Next week: lessons from “Catfish” for Redwood Coast Business. 

 

 

What Eureka Needs- an Early Christmas List for Entrepreneurs

     Since it seems that every day I go past another shuttered business, we obviously have retail and office space to spare. Why not seize the situation as an opportunity to fill those spaces with businesses we actually NEED in town and to encourage entrepreneurs to meet those needs? Okay, here’s my  list.

A GOOD KOSHER DELI  Those healthy delis at Co-Op and ENF don’t count. Not enough cholesterol. A warm, juicy, greasy pastrami san with a latke or two can rejuvenate your soul for a week.  The pastrami Reuben at Hole-in-the- Wall is close, but where’s the chicken liver? The  matzoh ball soup? We await our deliverance.

MORE PARKING  IN HENDERSON CENTER  The situation is just on the edge of being too crowded and if the Henderson Center Market Place or anything else ever comes to roost in the old Robert’s space or along Henderson Street, the tipping point will have been reached. The demise of the Go Go Bistro, a nice little lunch spot with an unusual  menu,is truly sad, and I wouldn’t  be surprised if parking was one of the contributing factors. By the way,  it was reported in the media that Esmeralda’s restaurant on Grotto was the target of an arson attack. If so, the firebugs must have had pretty poor aim.  The morning after, Esmeralda’s was open for lunch with nary a scratch but the building NEXT to it, further  toward “G” was boarded up and as of today was sporting a “For Sale” sign. Parking’s pretty good on that block, by the way.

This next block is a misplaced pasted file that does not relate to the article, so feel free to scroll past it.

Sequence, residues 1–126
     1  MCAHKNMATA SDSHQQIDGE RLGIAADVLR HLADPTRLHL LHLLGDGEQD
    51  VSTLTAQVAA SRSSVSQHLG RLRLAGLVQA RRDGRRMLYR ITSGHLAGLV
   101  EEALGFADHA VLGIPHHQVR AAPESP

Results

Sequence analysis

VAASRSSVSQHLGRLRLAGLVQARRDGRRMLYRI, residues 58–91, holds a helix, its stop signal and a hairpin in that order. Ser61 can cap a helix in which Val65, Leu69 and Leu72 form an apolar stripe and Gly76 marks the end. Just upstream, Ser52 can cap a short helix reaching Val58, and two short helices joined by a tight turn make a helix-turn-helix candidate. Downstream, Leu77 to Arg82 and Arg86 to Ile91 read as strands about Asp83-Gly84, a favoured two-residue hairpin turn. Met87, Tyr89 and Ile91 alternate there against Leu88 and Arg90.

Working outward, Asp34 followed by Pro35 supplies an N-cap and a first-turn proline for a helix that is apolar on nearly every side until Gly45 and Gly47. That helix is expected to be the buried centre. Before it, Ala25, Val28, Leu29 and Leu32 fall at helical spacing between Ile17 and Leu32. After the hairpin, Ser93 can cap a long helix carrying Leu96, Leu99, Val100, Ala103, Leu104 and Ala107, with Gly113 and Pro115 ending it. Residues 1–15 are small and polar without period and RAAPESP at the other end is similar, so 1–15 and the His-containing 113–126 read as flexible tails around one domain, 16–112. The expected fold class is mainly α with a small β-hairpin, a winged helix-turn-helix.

A RELIABLE SHUTTLE BETWEEN EUREKA AND REDDING enabling travelers to bypass our ill-located and unreliable airport. The first person to do this legally will make some money.  There are already wildcat outfits going after this market. Check Craig’s List. And how about a shuttle to Eugene? You can pick up the AMTRAK there.

HUMBOLDT-MADE YOGURT from local cows. Not that frozen stuff, real yogurt.